A Study in Human Factors
Recently, an aircraft engineer in Blenheim Airport was killed for what we called a freak accident, a news everybody in aviation industry don’t want to hear. The engineer was working for Safe Air, an MRO (maintenance, repair, overhaul) that works on both commercial and military aircraft. According to the recent investigation the man was working on a T56 engine of a C-130 Hercules. He was doing a routine maintenance test on the engine when he was sucked by the engine. The engine was on an engine test stand without the propeller installed and the engine is being controlled/ monitored in a control booth . Doing this kind of job lands on a very experienced engineer. The man was a very well respected as he is a very experienced aircraft engineer, was always very cautious and diligent. He had been involved with engines most of his working career.
The Test Stand (image embedded from [http://static2.stuff.co.nz/1312769061/095/5407095_600x400.jpg] 14/08/2011)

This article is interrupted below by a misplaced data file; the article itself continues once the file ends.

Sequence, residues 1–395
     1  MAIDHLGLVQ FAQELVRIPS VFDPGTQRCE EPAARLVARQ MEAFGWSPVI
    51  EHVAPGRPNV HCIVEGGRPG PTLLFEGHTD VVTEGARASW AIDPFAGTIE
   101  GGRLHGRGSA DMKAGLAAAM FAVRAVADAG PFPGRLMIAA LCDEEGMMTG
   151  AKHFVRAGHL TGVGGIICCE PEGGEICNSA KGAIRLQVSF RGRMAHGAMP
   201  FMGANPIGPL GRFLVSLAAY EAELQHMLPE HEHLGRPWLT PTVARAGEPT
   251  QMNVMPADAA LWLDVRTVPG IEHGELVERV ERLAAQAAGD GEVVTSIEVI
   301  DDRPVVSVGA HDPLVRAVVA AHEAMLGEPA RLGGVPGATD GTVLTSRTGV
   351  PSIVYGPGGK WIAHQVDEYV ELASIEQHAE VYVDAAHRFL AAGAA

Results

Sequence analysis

The aircraft engineer may have entered the enclosure while doing the engine test.
Human Factor Analysis
My first job as an aircraft engineer way back then was on T53 of Huey helicopter and T56 of C-130 Hercules. We have our own test cell (enclosed) to test the performance of the engine before being installed to the aircraft. We are at least 5 meters in front, back and all side of the engine (installed on the aircraft already) when performing a test run especially on a C-130 Hercules, this is the safest distance away from the engine while performing such task. In this case, the engineer may not follow the safety rules that governs when doing a test run especially if the test is done on an open field and not on a enclosed environment.
Factors that may contribute to the accident
- Lack of concentration
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